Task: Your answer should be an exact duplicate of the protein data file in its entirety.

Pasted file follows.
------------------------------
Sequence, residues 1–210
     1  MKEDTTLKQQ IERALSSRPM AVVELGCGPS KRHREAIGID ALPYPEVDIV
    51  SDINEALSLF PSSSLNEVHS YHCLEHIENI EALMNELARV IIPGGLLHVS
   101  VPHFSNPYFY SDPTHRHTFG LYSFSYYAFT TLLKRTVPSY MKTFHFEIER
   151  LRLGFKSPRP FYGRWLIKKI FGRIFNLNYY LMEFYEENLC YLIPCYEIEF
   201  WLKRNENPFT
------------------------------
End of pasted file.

Sequence, residues 1–210
     1  MKEDTTLKQQ IERALSSRPM AVVELGCGPS KRHREAIGID ALPYPEVDIV
    51  SDINEALSLF PSSSLNEVHS YHCLEHIENI EALMNELARV IIPGGLLHVS
   101  VPHFSNPYFY SDPTHRHTFG LYSFSYYAFT TLLKRTVPSY MKTFHFEIER
   151  LRLGFKSPRP FYGRWLIKKI FGRIFNLNYY LMEFYEENLC YLIPCYEIEF
   201  WLKRNENPFT